NASA will Observe Airglow to improve Space Weather

NASA’s new Atmospheric Waves Experiment will observe the airglow from a perch on the Space Station to help scientists understand, and ultimately improve forecasts of, space weather changes in the upper atmosphere.

NASA has selected a new mission that will help scientists understand and, ultimately, forecast the vast space weather system around our planet. Space weather is important  because it can have profound impacts – affecting technology and astronauts in space, disrupting radio communications and, at its most severe, overwhelming power grids.

Above, an image taken from the International Space Station shows orange swaths of airglow hovering in Earth’s atmosphere.  Credit NASA

The new experiment will, for the first time, obtain global observations of an important driver of space weather in a dynamic region of Earth’s upper atmosphere that can cause interference with radio and GPS communications.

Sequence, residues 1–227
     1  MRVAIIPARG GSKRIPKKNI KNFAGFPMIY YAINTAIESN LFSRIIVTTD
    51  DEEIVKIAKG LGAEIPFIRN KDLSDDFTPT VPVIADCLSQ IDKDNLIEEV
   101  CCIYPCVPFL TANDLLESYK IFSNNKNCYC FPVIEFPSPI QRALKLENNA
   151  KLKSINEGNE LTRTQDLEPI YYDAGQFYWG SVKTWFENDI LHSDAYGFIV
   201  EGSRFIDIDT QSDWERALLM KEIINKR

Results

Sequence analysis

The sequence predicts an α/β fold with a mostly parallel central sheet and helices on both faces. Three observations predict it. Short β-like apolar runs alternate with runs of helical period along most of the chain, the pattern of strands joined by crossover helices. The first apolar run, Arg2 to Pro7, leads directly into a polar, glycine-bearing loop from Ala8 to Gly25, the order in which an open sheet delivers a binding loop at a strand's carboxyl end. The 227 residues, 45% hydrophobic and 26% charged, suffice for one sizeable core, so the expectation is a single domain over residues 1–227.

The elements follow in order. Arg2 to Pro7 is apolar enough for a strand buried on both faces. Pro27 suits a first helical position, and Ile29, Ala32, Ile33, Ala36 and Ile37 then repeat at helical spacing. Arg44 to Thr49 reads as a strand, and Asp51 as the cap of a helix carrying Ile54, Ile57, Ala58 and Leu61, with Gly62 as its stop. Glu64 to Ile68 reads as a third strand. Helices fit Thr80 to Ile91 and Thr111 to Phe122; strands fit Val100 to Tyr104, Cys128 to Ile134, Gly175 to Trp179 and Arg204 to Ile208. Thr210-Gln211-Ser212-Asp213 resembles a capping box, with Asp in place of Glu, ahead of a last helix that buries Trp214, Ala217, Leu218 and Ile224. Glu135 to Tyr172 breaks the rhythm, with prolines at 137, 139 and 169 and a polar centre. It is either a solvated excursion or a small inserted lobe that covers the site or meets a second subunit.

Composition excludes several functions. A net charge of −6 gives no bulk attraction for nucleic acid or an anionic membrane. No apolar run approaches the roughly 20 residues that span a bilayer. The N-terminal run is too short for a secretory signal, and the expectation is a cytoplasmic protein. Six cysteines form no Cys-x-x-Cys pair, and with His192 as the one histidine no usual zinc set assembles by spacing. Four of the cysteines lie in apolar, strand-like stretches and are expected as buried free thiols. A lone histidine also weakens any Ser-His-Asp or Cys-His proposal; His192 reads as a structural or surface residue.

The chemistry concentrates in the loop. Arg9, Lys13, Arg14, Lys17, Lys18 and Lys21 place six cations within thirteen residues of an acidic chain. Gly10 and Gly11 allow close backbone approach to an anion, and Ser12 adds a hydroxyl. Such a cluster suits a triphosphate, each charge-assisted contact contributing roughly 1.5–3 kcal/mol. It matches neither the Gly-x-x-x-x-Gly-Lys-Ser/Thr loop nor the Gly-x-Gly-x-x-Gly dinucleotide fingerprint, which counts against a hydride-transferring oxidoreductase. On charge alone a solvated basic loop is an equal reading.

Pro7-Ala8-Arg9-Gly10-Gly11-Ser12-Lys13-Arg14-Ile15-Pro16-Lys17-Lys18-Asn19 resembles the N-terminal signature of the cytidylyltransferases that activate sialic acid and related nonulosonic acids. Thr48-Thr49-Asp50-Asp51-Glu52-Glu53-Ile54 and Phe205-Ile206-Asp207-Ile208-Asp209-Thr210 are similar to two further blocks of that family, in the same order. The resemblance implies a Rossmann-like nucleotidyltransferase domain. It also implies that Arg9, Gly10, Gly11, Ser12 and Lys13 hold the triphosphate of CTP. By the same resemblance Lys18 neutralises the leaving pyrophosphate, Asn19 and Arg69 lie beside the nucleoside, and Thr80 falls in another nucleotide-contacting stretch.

The Atmospheric Waves Experiment (AWE) mission will cost $42 million and is planned to launch in August 2022, attached to the exterior of the Earth-orbiting International Space Station. From its space station perch, AWE will focus on colorful bands of light in Earth’s atmosphere, called airglow, to determine what combination of forces drive space weather in the upper atmosphere.

Researchers once thought that only the Sun’s constant outflow of ultraviolet light and particles, the solar wind, could affect the region. However, recently they have learned that solar variability is not enough to drive the changes observed, and Earth’s weather also must be having an effect. To help unravel that connection, AWE will investigate how waves in the lower atmosphere, caused by variations in the densities of different packets of air, impact the upper atmosphere.

AWE is a Mission of Opportunity under NASA’s Heliophysics Explorers Program, which conducts focused scientific research and develops instrumentation to fill the scientific gaps between the agency’s larger missions. Since the 1958 launch of NASA’s first satellite Explorer 1, which discovered Earth’s radiation belts, the Explorers Program has supported more than 90 missions. The Uhuru and Cosmic Background Explorer (COBE) missions led to Nobel prizes for their investigators.

“The Explorers Program seeks innovative ideas for small and cost-constrained missions that can help unravel the mysteries of the universe and explore our place in it,” said Paul Hertz, NASA’s Director of Astrophysics. “This mission absolutely meets that standard with a creative and cost-effective mission to solve mysteries about Earth’s upper atmosphere.”

source NASA